7 Tips for YouTubers to Stay Sane When Working From Home During COVID

Being stuck at home is rubbish.

For many of us, the Covid Pandemic means that we’re trapped at home, trying to get our videos planned, shot, and edited while trying not to go stir crazy.

The line between working and playing gets blurred also. It’s all too easy to get stuck in a rut of doing a bit of work on your channel, then giving yourself ‘a break’ and playing a game or mindlessly scrolling through Instagram for an hour.

There are things you can do to make Covid enforced work patterns more enjoyable, however. A few little tweaks to your working practices can improve your mood and productivity when working from home.

It’s worth experimenting with home working practices too. One estimate reckons that 30% of the workforce will still be working from home regularly at the end of 2021.

So to help you better handle the current do-everything-from-home formula, this post has seven tips you can apply straight away to make working from home on your YouTube channel or any other job more enjoyable.

#1. Get Up and Get Dressed.

I’ve worked from home for myself for several years now, so I can confidently say that watching morning TV in your PJs while pecking away on your laptop is not the path to a healthy working habit.

Similarly, you may think you’re being clever when your all business up-top for your Zoom meeting, but all bedtime down below out of sight of the camera lens.

You need to treat your work like any other job. That means getting dressed in regular daytime clothes to signify that you have ‘left’ rest and relaxation behind and you are now ready to do some work.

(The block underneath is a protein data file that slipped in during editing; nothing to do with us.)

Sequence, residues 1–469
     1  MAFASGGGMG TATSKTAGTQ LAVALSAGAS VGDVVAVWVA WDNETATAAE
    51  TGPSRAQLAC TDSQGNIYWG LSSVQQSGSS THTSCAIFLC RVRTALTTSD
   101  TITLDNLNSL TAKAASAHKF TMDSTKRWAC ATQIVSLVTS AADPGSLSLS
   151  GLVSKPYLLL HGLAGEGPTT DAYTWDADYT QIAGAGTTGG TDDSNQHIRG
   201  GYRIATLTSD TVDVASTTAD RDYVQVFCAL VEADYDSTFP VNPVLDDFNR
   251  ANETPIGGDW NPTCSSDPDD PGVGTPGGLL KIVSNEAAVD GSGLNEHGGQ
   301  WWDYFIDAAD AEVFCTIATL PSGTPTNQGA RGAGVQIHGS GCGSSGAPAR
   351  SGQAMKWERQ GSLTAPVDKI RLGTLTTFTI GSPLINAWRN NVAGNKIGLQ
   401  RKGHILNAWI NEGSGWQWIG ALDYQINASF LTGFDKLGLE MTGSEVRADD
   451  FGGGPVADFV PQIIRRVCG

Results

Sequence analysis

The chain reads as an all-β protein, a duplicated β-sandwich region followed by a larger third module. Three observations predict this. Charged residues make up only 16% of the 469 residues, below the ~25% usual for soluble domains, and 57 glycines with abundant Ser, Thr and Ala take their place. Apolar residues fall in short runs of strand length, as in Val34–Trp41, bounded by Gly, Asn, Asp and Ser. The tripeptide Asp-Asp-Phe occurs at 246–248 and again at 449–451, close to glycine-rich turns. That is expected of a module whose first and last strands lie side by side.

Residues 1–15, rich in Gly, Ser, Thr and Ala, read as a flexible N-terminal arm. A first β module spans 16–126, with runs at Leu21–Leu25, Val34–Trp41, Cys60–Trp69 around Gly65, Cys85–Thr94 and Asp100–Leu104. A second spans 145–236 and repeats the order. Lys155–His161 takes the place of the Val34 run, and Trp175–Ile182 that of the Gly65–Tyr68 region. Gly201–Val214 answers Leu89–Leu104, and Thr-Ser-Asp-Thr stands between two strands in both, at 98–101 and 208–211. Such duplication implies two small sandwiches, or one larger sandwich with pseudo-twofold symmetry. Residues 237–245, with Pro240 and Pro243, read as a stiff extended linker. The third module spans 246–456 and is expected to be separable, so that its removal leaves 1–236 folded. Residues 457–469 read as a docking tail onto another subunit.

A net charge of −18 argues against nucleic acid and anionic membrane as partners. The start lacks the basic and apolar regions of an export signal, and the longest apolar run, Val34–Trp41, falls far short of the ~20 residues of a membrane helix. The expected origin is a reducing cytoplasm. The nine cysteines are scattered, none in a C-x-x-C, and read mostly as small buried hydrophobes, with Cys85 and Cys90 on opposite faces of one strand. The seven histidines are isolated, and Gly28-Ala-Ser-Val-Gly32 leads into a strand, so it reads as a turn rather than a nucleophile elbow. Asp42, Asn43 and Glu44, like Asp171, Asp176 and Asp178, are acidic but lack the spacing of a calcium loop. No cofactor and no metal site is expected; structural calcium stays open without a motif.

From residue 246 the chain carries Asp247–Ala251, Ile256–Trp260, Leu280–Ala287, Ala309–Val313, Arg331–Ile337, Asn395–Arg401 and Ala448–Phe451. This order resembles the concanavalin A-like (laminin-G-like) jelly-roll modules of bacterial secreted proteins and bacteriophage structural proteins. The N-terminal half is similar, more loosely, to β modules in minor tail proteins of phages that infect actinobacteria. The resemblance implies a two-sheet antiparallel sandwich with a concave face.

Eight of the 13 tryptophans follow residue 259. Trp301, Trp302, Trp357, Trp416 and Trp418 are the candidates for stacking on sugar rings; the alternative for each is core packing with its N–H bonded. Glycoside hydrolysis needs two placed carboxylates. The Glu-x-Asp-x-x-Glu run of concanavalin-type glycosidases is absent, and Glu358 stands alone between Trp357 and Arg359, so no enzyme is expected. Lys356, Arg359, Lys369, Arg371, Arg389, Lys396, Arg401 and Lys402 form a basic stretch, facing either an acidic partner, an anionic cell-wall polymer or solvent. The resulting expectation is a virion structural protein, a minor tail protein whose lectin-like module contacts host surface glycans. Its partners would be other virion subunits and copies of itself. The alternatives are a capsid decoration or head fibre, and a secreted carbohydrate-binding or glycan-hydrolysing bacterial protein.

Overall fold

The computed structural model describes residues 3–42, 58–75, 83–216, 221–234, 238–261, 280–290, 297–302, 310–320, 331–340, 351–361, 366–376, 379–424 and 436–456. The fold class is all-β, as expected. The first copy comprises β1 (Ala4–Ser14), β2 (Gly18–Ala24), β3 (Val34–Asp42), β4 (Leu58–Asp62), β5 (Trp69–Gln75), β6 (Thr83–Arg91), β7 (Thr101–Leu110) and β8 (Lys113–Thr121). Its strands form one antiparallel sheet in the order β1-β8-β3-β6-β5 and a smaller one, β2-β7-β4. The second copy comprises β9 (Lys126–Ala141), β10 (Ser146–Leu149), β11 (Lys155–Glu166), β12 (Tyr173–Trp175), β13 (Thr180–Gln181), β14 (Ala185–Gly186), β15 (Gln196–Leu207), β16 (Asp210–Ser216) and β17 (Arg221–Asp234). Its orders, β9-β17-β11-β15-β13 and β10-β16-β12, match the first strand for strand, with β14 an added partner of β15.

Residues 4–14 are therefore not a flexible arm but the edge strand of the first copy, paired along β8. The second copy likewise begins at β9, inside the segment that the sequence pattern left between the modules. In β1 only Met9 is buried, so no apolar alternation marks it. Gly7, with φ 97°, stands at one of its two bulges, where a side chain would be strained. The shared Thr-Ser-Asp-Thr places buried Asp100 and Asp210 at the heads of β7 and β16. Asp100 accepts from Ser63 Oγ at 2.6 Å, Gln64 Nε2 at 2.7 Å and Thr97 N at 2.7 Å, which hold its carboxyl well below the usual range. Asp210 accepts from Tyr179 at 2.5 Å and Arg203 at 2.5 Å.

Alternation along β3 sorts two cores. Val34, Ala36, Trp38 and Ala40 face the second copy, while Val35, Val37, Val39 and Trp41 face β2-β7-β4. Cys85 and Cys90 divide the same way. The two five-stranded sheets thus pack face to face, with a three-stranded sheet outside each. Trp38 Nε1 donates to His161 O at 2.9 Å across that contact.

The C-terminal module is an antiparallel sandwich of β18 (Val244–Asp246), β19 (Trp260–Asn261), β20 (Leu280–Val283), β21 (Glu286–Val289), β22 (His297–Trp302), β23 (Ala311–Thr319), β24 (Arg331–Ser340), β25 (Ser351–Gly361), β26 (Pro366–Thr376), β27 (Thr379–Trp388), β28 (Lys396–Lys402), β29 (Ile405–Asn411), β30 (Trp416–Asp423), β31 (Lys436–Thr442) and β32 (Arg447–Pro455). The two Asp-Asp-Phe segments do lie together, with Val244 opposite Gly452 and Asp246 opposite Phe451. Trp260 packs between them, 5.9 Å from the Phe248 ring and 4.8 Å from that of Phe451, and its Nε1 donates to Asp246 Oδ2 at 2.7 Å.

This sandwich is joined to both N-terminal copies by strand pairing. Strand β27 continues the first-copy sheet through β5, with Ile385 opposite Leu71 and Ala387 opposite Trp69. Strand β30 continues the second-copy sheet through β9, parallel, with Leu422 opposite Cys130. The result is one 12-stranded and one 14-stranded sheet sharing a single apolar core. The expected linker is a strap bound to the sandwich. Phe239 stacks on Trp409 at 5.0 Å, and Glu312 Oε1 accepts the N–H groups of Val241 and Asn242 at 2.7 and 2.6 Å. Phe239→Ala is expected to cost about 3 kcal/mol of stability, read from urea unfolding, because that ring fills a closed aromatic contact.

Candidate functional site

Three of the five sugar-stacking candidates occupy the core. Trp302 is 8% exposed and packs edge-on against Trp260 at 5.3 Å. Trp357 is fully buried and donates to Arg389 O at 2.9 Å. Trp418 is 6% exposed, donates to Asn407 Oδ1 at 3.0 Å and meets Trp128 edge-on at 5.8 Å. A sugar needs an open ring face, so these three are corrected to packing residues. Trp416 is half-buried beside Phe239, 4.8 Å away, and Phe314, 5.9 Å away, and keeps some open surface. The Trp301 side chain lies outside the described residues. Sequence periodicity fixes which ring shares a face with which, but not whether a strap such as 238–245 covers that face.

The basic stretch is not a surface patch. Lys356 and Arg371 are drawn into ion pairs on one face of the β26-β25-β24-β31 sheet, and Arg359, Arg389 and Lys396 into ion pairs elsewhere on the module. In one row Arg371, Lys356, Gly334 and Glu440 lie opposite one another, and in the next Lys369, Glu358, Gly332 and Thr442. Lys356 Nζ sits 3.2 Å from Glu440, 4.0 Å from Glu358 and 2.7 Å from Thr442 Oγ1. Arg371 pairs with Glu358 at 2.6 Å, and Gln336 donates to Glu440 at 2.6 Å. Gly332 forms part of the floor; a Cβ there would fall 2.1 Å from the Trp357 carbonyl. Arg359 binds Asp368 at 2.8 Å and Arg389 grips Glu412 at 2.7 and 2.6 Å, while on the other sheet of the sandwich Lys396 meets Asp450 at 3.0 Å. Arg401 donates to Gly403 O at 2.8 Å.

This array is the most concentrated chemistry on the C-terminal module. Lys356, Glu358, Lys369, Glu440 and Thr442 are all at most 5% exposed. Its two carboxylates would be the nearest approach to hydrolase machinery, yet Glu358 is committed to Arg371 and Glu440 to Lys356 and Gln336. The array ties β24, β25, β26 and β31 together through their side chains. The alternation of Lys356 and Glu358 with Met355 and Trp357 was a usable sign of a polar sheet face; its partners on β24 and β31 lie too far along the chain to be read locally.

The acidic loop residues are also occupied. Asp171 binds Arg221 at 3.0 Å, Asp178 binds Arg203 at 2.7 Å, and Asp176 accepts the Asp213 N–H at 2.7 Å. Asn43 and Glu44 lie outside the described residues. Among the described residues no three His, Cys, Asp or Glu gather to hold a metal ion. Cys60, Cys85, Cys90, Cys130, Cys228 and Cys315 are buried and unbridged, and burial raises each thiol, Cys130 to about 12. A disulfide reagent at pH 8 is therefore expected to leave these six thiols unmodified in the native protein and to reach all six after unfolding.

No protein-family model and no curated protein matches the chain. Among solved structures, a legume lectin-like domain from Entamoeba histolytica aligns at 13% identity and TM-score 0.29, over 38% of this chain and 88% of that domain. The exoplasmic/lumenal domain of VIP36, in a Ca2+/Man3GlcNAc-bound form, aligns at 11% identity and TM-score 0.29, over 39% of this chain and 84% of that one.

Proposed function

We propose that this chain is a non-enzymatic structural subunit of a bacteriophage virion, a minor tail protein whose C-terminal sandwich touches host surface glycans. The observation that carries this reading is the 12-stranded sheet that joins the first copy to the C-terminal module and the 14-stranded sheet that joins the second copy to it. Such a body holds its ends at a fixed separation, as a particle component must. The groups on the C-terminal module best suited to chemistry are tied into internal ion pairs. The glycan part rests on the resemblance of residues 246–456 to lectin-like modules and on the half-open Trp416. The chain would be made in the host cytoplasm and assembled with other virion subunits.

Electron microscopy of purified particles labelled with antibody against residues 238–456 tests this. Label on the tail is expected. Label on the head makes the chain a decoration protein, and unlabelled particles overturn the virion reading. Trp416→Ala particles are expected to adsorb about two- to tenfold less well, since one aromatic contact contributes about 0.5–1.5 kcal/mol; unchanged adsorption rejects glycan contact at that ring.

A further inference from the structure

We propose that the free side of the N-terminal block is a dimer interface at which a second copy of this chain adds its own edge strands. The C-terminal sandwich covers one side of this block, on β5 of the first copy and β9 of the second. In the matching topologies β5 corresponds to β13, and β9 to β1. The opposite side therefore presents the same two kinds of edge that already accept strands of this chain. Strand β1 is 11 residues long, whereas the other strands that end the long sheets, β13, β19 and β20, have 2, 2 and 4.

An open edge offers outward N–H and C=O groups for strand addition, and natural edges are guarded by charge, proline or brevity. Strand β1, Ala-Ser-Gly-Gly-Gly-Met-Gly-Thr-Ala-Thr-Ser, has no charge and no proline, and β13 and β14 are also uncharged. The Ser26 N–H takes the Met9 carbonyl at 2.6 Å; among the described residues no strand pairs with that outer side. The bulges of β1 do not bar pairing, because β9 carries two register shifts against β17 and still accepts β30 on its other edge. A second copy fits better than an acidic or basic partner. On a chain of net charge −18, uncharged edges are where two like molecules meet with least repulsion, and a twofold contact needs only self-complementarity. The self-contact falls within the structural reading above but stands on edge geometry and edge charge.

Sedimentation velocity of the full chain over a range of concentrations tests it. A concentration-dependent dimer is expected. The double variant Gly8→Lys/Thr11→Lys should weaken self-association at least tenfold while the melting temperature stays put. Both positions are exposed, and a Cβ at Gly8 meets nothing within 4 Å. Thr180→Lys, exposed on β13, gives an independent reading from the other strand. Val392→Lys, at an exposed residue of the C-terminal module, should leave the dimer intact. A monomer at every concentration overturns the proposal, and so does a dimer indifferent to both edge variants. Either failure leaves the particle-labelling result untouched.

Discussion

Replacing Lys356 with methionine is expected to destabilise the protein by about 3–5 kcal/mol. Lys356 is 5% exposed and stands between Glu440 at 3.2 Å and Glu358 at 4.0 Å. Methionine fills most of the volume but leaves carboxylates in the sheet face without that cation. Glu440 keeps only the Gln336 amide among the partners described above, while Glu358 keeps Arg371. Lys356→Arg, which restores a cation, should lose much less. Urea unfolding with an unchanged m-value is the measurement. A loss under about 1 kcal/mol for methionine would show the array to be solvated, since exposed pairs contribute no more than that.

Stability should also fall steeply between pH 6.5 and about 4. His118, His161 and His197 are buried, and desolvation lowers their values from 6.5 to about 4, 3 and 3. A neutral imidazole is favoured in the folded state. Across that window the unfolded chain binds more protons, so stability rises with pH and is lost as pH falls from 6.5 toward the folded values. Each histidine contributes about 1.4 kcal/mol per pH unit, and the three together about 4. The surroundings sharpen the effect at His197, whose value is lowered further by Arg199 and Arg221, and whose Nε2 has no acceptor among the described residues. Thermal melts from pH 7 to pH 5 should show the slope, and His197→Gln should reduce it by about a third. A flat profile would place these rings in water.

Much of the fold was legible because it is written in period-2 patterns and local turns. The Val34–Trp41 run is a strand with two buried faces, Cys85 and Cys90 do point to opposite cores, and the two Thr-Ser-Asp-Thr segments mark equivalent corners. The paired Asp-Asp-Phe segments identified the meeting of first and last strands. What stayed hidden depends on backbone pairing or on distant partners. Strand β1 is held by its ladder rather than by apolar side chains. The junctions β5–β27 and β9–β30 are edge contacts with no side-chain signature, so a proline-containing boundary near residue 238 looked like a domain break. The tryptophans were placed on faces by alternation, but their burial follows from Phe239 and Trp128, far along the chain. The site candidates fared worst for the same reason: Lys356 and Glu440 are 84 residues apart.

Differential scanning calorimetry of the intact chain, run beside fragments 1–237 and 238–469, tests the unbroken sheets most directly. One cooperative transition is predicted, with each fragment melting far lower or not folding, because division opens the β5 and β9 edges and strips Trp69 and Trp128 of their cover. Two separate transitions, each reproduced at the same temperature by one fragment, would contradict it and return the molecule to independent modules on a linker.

The physical act of putting on a pair of jeans/trousers or skirt is a mental signal that your morning routine has started, and it’s time to get stuff done.

You don’t have to dress like you are going into the office, but you need to make yourself respectable enough to meet people outside of your usual home bubble.

A good rule of thumb is to dress smartly enough not to feel embarrassed when you open the door to the Amazon delivery driver.

The same advice applies to showering and brushing your teeth — at the start of the day, make yourself ready for the day.

You can see how I work from home in my own personal account of my own working from home experience.

#2. Have a Space Just for Working.

We can’t all have a desirable ‘battle station’ like the picture below.

Whether you’re planning your next video, working on a side-hustle, or just doing your conventional job, separating your work and play is vital for your mental health.

It’s also best to separate your work time at home from the rest of the household chores that need doing. Doing a bit of work, then tidying the lounge, then getting back to some more work mashes the day together into one confusing mess.

And while you may already have a place to record your videos set up in the corner of a spare room. Aim to have a particular spot in your home where you sit down to work too.

Desks are inexpensive to buy if you have the room. They come in a variety of sizes suitable for most needs, and if you have the budget buy yourself a proper office chair, too. It helps to encourage a healthy back posture while you work.

If your budget is small, keep an eye on the local ads on Facebook and Gumtree, as you can often find bargains on secondhand office furniture or even snag them for free.

If you absolutely do not have the room for a desk and chair, put a ‘work stuff’ bundle of items together. This can be your laptop or tablet and a selection of notebooks you use. At the start of the working day, set them up in the place you’ll be working in, like the kitchen table, for example.

Then, at the end of the workday, pack them up, and put them out of the way to signify that you have finished working and ready to start some household chores or down-time.

#3. Routines and Commuting

Psychologists call the separation of work and play segmentation. Some psychologists also claim that those who segment their work and relaxation properly perform better in each area.